The United States House of Representatives has passed a bill to prevent a nationwide railway strike that could have brought the American economy to a screeching halt.
In a 290-137 vote, lawmakers on both sides of the aisle will be sending the bill to the U.S. Senate. President Joe Biden has committed to signing the bill into law.
After the White House intervened during negotiations between the rail companies and workers’ unions to broker a deal, it fell apart at the midnight hour – making a strike imminent.
The potential work stoppage threatened to disrupt an already struggling supply chain still recovering from the crippling impact of the Covid-19 pandemic.
But President Biden stepped into action, meeting with four top congressional leaders on Tuesday to formulate a plan.
House Speaker Nancy Pelosi (D-CA) took the President’s concerns under advisement.
The Railway Labor Act, enacted in 1926, gives Congress the power to inject itself into railway labor disputes to mitigate interstate commerce disruptions.
Speaker Pelosi said:
“Let me be clear: a nationwide rail shutdown would be catastrophic. A shutdown would grind our economy to a halt, and every family would feel the strain. Time is of the essence. We must act now.
Several members of the Democratic progressive caucus were skeptical about the deal — with the lack of sick leave being a major factor.
Union leaders originally asked for 15 days of sick leave, but Congresses’ bill only allowed for one additional personal day. A separate bill guaranteeing seven days of paid sick leave was introduced and ultimately approved by the chambers’ majority Democratic legislature – nearly all Republican members of Congress voted against the measure.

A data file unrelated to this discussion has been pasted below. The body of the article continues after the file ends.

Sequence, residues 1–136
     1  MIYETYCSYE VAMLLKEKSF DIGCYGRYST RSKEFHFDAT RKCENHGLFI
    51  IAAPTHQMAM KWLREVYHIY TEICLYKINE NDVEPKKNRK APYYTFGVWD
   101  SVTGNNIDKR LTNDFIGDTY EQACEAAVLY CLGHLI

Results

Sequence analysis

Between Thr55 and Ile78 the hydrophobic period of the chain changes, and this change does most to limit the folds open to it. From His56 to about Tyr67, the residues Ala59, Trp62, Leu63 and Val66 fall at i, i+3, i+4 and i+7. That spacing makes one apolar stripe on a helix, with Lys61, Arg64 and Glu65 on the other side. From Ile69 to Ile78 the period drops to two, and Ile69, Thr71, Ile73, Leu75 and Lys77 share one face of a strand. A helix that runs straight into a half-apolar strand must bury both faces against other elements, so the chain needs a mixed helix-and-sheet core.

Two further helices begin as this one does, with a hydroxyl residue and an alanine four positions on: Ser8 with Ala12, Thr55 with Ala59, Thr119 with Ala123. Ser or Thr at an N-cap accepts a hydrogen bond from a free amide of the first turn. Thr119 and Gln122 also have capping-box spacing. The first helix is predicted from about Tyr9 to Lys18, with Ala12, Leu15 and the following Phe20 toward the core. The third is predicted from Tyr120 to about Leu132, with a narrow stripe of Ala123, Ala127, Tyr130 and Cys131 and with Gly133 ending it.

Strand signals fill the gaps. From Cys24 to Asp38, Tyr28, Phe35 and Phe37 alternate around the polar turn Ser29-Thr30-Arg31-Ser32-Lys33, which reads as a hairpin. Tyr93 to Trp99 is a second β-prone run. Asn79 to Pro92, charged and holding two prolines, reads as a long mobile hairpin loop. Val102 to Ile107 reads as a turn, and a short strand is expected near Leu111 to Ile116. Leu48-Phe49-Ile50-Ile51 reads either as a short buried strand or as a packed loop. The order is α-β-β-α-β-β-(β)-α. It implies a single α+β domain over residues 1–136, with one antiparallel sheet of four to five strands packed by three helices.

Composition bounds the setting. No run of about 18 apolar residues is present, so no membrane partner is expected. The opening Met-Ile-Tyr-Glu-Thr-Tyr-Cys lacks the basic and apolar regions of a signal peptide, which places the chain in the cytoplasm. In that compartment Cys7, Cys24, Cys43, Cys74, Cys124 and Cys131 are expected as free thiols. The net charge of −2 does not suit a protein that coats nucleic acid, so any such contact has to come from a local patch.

“Every worker deserves paid sick leave. I am proud of our efforts to negotiate a deal that guarantees seven days of paid sick leave for our rail workers,” Congressional Progressive Caucus Chairwoman Pramila Jayapal (D-Wash.) said in a statement Wednesday morning. “I now urge all my colleagues to stand by workers and vote yes for paid sick leave.”
Not everyone is happy with the legislation, but President Biden stands by the decision.
“Let me say that again: without action this week, disruptions to our auto supply chains, our ability to move food to tables, and our ability to remove hazardous waste from gasoline refineries will begin,” he said in a statement, according to The Hill.
Both President Biden and the railroad companies have urged the Senate to approve the bill when it heads to the chamber.
There are 115,000 rail workers who were poised to walk off the job in protest if a deal wasn’t reached before the December 9th deadline — costing upwards of $2 billion a day in economic losses.
A point of contention in the negotiations has been sick leave. While the unions were pushing for it, the railroads were adamantly against it, stubbornly holding out on providing the benefit.
Out of 12 rail unions, eight have finalized contracts with the train companies. A third of U.S. freight is transported by rail – including food, fuel, and fertilizer – making coming to a deal even more crucial to infrastructure and the domestic supply chain.
With the Christmas holidays approaching, a strike could spell disaster.
President of the American Petroleum Insitute, Mike Sommers, told reporters, “Shutting down our rail system, even for one day, would have a significant impact on U.S. gasoline supply and could lead to higher prices for American consumers and businesses ahead of the holiday.”
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